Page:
Monarchs remain a common sight throughout the U.S. and Canada due to the continued abundance of the milkweed, the only
food monarch caterpillars eat.
This may seem like a restricted diet, but there are over a hundred
species of milkweed in North America.
Milkweed is notorious for its digitalis-like toxin
that is harmful to many animals, including humans. As caterpillars,
monarchs ingest these poisons, store them in their own tissues, and
retain them through their metamorphosis as an adult.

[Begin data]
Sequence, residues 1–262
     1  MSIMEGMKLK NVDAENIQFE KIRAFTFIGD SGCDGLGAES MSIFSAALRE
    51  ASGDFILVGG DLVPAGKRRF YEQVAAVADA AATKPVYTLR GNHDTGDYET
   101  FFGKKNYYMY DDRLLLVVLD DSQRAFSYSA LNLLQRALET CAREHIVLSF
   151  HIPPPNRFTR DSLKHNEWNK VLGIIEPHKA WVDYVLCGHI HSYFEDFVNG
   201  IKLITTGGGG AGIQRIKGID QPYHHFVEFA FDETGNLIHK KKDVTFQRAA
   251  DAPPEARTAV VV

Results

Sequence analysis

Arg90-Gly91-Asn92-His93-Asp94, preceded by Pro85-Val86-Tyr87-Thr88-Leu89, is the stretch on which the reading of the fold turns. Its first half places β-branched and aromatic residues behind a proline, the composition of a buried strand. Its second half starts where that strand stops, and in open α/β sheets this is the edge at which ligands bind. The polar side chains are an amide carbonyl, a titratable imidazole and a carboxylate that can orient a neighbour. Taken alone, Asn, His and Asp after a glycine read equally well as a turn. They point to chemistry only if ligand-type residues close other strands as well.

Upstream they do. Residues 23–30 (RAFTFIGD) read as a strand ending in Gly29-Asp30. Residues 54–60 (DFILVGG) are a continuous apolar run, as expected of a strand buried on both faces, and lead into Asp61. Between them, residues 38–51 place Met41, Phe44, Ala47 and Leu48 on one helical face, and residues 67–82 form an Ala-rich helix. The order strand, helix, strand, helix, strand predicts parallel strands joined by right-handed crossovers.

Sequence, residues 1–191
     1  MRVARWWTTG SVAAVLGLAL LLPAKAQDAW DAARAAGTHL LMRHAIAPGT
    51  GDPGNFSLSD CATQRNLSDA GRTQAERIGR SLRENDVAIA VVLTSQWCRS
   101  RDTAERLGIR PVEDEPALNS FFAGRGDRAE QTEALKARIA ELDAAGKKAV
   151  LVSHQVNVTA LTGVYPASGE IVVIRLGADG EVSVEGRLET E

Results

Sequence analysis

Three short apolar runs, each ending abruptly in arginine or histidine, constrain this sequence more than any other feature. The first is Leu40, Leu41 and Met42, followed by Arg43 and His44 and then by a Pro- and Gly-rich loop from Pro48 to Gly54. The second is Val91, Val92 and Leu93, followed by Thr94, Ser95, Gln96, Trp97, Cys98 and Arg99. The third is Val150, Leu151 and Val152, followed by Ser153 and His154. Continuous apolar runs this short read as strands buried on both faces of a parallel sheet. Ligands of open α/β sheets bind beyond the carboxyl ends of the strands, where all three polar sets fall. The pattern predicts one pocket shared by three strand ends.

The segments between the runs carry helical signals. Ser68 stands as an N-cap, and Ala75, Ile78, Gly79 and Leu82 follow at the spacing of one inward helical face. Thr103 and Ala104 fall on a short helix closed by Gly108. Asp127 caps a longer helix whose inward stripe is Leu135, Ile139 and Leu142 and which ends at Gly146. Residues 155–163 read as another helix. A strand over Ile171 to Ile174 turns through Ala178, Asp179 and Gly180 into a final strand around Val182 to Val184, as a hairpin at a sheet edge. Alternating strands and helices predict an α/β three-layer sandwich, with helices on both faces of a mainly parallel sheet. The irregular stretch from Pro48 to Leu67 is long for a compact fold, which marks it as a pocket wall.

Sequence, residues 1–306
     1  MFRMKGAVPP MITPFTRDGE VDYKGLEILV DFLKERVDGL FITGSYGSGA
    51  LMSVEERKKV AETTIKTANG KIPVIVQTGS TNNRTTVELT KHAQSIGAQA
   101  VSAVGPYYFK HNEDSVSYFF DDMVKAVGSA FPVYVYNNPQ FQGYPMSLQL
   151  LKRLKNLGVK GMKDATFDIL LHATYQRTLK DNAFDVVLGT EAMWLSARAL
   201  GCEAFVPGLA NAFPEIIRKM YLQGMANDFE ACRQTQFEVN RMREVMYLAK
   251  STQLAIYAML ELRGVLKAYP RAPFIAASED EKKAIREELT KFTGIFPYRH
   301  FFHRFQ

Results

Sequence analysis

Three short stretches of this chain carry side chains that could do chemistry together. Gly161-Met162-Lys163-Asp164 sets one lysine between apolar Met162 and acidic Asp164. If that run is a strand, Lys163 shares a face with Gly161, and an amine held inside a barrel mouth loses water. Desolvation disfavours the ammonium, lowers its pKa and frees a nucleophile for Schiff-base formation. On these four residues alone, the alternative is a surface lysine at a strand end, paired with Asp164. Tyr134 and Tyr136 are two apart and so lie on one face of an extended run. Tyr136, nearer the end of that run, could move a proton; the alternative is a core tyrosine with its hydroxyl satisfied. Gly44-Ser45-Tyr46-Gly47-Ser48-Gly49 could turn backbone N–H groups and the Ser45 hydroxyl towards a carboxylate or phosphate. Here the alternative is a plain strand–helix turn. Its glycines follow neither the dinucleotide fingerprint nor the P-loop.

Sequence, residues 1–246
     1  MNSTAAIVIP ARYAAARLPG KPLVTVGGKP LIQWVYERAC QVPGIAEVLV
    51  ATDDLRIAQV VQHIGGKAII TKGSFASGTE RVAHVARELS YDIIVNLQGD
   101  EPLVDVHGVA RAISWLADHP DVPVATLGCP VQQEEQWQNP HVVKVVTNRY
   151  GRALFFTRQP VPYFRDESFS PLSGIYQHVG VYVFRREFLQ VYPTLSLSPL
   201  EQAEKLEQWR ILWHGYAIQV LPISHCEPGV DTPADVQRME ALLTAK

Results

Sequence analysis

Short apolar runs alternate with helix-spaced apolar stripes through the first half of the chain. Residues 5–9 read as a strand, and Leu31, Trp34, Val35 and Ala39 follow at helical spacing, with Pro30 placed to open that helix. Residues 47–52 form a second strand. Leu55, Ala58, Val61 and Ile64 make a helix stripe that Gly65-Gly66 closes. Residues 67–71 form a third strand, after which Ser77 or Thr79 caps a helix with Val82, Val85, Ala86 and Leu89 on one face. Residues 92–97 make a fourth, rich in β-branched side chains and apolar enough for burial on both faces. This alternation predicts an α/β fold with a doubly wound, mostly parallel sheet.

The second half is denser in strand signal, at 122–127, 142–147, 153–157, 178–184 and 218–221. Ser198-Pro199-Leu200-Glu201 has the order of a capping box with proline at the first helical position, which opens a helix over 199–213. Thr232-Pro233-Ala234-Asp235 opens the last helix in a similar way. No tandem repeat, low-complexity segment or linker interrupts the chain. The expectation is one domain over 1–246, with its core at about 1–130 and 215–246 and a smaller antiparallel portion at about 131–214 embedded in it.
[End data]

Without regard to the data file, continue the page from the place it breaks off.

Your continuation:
Essentially, the monarchs are taking the plant's protection
and using it as their own against predators, such as birds.
A bird that eats a monarch will not die, but it will become quite
ill. As a result, birds learn to avoid anything colored
orange and black.
Other non-poisonous insects have adapted the same coloration
since, in the animal world, orange and black acts as a universal "Toxic:
Do Not Eat" warning.
Monarchs originally were a tropical species which gradually
moved north after the last ice age to take advantage of an increased
food supply in the United States.
But after spending summer in the States,
the animals depart until their staple food, milkweed, is available again
the following spring.
Butterfly Life Cycle
Where To See
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